New Delhi– The debate on pollution, particularly in the Delhi-NCR area, in the Rajya Sabha on Thursday witnessed heated and emotional appeals with members demanding either to declare an environmental emergency or take the issue up as a national emergency.
The House also witnessed bitter war of words between members of the Bharatiya Janata Party and the Aam Aadmi Party with Environment Minister Prakash Javadekar, in the end, telling members that a frenzied approach to the problem will never work and there is need for systematic and scientific solution.
Javadekar told the House: “We need to look upon some issue rising above party level and have to prepare common minimum agenda.”
Noting that different factors – chiefly burning of biomass, dust from construction, vehicle pollutants and factory pollutants – are responsible for air pollution in different cities and each needs to be dealt differently, he said: “We need to identify the source of each city and accordingly work upon it.”
The Centre has launched National Action for Clean Air and have identified 122 cities where the air pollution is above the limit, Javadekar said. “Collective action is needed to tackle air pollution and the government is committed to check the menace,” he said, adding that India needs to prepare an oxygen bank by creating urban forestry and school nurseries. “Public participation is needed to reduce the air pollution in the country.”
The minister said that Delhi has witnessed overall improvement in air quality successively since 2016. He said the number of good to moderate days in term of air quality has increased to 175 in 2019 as compared to 158 in 2018 and poor to severe days reduced to 148 as compared to 165 last year.
He informed that in 2019-20, the total stubble burning incidents in the states of Uttar Pradesh, Punjab and Haryana were reduced by 19 per cent as compared to last year.
Jaya Bachchan of the Samajwadi Party demanded an environment emergency be declared in the country.
In a sarcastic remark on the strength during the debate, she said that there was a small number of members present in the House to discuss such a serious matter. “Delhi is not the only polluted city. Varanasi and Kanpur among some of the cities facing the menace… I request the government to declare environmental and those responsible be penalised,” she said.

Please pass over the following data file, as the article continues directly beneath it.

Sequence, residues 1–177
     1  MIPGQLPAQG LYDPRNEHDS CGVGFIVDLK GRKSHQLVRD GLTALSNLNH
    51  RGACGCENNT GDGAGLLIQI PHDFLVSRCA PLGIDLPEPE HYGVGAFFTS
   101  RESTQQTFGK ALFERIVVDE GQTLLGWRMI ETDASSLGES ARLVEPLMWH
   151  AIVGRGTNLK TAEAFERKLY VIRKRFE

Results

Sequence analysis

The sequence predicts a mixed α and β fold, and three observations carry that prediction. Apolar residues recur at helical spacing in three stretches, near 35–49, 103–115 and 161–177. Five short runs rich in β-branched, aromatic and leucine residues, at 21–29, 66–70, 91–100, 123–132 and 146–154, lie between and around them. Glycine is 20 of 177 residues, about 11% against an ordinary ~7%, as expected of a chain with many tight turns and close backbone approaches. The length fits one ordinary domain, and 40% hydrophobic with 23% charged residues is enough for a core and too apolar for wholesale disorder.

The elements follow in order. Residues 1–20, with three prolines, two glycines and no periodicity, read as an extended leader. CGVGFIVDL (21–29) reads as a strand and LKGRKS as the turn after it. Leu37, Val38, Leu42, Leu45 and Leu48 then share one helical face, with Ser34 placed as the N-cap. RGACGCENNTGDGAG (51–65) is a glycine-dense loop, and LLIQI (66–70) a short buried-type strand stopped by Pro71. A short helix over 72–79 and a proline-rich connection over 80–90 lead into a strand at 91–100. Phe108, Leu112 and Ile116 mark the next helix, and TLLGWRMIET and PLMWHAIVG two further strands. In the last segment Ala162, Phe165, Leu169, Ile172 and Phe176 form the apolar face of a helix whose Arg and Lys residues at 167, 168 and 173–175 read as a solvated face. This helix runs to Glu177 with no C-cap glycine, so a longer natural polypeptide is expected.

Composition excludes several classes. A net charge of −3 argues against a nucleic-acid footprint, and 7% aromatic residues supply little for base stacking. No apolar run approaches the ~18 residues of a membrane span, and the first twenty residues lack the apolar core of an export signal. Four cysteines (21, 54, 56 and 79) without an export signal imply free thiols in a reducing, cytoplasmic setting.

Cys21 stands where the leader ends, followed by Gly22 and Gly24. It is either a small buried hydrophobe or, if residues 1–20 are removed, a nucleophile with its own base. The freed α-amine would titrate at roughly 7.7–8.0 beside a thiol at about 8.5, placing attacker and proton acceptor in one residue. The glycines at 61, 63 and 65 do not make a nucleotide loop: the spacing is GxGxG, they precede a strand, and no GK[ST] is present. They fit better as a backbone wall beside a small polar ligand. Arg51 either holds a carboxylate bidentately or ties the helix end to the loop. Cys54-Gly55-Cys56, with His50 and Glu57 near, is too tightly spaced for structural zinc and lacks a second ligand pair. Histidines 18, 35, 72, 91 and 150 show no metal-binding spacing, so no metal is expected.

BJP’s Vijay Goel accused the Delhi government of being inactive in the matter, saying in the past five years, it had just given out masks. “Fifty lakh masks have been distributed but no one is seen wearing them. There are so many pollutants in water that we are being forced to drink it from the bottles,” he added.
This invited a sharp reaction from AAP’s Sanjay Singh, who said it was because of the efforts of the Delhi government that pollution had been curbed. “56,000 machines have been given to farmers to avoid stubble burning. But, in the Supreme Court, they have quoted a different number. Where did all these machines go?”
Amid debate, Goel sought to show masks, mineral water bottles, air purifier pictures and Delhi government advertisements, but Deputy Chairman Harivansh Narayan Singh denied permission, saying: “You cannot display all these objects in the House”.
Participating in the discussion, Leader of Opposition Ghulam Nabi Azad appealed to the government to convene the meeting of all the Chief Ministers and prepare a time-bound action plan.
Many members asserted said that blaming famers for the pollution is unacceptable and all the government mechanisms need to work together to resolve the issue.
In reply, Javadekar said that a comprehensive air plan for Delhi and NCR region has been developed and a graded response action plan for a different level of pollution has been notified.
He stressed that mass movement should also include the pollution caused by traffic, both noise and air. He said that individuals have to fight the menace together by taking some basic steps such as using environment-friendly fuel and avoiding honking unnecessarily.
The minister also noted that pollution in the Indo-Gangetic plain is higher than in other places because there is more moisture and dust in these regions.
He asserted that a number of initiatives have been taken. “We are now migrating to BS-VI. This will reduce the vehicular pollution by 80 per cent. The BS-VI migration has already happened for fuel in Delhi. But, vehicles will also be BS-VI compliant from April, 2020. Then, the Eastern and the Western Peripheral Expressways have been operationalized. In Delhi, there used to 60,000 trucks every day, polluting the Delhi city, though they had no work in Delhi. But, now, they do not enter into Delhi because these two bypass expressways are ready and are being used. So, that has reduced the pollution to a great extent,” he said.
He also pointed to the promotion of public transport system. “You are now seeing lakhs of e-rickshaws,” he said.
About industrial emissions, he said that stringent emission norms are in place for coal-based thermal power plants. “The Badarpur Thermal Power Station has been closed. Pet coke and furnace oil have been banned,” he said.
In order to prevent stubble burning, a new Central Sector Scheme on ‘Promotion of Agricultural Mechanization for in-situ Management of Crop Residue in the States of Punjab, Haryana, Uttar Pradesh and NCT of Delhi’ for the period from 2018-19 to 2019-20 is being implemented by the Ministry of Agriculture and Farmers’ Welfare. “About Rs.1,150.80 crore has been sanctioned. More than 50,000 machines have already been given,” the minister said. (IANS)